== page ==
Brand new to FOG (I inherited it)
[ATTACH=full]325[/ATTACH] I deleted a whole bunch of old images/hosts and the disk and still can’t figure out how to reclaim the 87% of the used area back. Have looked all over and don’t know the root password or even what to do if I get into the Shell. Very frustrating. All I can think of is destroying the FOG Server and rebuilding a new one. Help? (Thanks in advance).
You can try to remove them through FTP or NFS. I believe you can get the FOG users password from the webUI and use it to FTP into the machine and delete the images files.
@Kevin I deleted them from the interface; which removed the pointer. I’m not sure how to get to the images\ folder though (not without getting onto the server - for which I lack the root password. I can log on to it via browser that seems to be all I can do at this time.
@madeyem When I selected both it always returned the error that it could delete the “pointer” association but left the file intact on the server.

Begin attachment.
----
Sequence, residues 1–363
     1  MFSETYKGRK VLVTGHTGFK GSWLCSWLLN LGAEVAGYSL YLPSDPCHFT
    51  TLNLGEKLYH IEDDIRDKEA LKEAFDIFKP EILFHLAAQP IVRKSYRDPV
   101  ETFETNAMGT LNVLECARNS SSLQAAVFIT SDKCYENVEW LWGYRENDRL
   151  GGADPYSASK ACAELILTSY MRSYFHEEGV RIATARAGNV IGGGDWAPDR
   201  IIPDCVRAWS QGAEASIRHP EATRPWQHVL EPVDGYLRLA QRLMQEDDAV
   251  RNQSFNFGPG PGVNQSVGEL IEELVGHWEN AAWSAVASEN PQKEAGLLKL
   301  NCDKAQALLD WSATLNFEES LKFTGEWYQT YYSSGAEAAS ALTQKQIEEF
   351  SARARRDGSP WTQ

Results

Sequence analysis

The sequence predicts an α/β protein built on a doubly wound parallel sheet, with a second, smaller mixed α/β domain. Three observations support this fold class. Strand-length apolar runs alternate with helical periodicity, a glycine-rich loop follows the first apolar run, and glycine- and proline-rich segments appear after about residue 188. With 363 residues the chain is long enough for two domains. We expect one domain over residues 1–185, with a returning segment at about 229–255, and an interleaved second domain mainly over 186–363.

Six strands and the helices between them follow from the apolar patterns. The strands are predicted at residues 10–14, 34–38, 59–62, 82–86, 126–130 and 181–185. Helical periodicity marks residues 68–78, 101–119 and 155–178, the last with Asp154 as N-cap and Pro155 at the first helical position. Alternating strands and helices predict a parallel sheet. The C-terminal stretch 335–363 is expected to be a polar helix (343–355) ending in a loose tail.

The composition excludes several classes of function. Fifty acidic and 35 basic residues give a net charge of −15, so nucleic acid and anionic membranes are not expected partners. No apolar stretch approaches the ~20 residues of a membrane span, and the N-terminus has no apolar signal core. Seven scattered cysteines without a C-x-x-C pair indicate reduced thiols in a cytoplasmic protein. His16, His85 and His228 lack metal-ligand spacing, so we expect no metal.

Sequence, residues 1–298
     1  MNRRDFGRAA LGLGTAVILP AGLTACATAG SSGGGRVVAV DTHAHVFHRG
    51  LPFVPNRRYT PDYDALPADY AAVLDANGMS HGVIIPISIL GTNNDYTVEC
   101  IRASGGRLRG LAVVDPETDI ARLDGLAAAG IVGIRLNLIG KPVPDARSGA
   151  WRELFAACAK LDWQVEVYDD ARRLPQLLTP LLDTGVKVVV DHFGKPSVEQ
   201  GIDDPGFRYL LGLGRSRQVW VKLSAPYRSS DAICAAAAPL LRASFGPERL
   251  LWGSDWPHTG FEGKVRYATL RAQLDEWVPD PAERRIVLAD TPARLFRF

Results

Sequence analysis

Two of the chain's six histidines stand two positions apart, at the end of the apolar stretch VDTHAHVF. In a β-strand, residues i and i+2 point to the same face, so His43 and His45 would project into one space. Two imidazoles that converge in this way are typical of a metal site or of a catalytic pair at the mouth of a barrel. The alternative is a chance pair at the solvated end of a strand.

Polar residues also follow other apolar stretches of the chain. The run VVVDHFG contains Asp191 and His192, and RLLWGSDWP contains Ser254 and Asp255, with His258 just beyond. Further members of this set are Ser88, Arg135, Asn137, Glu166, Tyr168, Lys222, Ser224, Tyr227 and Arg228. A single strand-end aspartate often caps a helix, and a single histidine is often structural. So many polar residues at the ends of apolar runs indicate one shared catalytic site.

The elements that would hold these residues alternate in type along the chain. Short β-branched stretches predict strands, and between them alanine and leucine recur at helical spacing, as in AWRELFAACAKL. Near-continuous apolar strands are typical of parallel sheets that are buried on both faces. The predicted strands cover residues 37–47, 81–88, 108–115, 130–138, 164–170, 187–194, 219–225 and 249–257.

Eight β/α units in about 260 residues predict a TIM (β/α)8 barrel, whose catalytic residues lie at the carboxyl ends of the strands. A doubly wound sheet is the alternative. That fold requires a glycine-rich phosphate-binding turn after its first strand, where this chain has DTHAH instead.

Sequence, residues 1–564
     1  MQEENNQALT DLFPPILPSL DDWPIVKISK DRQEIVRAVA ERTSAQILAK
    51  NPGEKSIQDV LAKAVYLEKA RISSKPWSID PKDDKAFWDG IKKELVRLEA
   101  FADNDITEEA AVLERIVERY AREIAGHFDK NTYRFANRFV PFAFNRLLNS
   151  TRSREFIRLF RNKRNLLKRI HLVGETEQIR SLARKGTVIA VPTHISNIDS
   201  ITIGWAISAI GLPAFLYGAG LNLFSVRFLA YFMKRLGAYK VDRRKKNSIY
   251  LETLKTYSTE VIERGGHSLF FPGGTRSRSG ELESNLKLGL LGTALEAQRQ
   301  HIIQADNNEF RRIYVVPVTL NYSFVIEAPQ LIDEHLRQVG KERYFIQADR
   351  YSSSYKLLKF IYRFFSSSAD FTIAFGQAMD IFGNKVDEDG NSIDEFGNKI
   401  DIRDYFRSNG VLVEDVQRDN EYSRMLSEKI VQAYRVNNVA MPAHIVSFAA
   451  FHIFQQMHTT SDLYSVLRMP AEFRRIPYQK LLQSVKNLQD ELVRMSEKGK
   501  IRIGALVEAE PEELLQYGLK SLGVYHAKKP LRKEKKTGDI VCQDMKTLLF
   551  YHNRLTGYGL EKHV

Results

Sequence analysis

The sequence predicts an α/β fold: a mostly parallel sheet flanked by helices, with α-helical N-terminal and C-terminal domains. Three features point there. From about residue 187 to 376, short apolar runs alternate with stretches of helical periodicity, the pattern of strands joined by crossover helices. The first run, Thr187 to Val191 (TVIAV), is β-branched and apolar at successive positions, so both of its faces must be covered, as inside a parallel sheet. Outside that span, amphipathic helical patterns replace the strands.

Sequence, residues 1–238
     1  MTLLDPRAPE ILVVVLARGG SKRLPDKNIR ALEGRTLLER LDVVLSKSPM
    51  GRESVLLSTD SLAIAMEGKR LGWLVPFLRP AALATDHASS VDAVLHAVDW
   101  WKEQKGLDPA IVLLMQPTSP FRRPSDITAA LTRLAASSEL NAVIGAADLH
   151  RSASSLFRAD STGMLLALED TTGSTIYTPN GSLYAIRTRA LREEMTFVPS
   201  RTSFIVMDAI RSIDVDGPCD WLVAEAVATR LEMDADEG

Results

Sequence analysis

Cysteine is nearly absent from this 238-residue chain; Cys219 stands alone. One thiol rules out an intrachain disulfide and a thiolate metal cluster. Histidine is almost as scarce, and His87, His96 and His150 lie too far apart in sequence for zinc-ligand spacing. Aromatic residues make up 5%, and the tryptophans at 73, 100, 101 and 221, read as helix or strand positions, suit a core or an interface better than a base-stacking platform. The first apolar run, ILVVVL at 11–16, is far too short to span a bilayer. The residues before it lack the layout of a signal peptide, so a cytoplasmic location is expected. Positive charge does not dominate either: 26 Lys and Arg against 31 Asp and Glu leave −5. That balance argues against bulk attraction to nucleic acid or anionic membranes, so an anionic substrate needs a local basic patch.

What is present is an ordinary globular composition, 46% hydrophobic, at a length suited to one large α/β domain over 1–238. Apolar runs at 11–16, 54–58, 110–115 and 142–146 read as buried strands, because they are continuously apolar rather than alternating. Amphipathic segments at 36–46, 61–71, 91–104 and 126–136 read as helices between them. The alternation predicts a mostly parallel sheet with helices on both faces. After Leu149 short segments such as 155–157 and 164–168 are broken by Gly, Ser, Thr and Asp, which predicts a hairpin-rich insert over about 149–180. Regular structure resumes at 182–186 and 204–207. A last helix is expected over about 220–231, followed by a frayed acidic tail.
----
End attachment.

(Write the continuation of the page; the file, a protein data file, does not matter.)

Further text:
@Jason I sincerely hope you are right, and rats, in the inheritance I have been left pretty much on my own for the rest <no passwords>. It didn’t change when I deleted the images.
@all three of you. Thank you, I may just have to remove the server and redo a new one, a task which I’m sure I’m not currently up to, too much to do.
So you didn’t delete them on the server, just through the web GUI? One thing I can say is that the web GUI doesn’t always accurately reflect the amount of disk space you might have. If you can log in to the server and check the disk space and it shows that you have free space, then you do. The web GUI for me didn’t show the correct information until I edited some files, so don’t just go off what it shows you. Did it not change at all when you deleted the images?
As far as I know you can delete the image definition as well as the image itself by ticking a box.
Did you delete the images just from the FOG interface? If so, that’s just a pointer to the images. The images will be located in the \Images folder on your drive.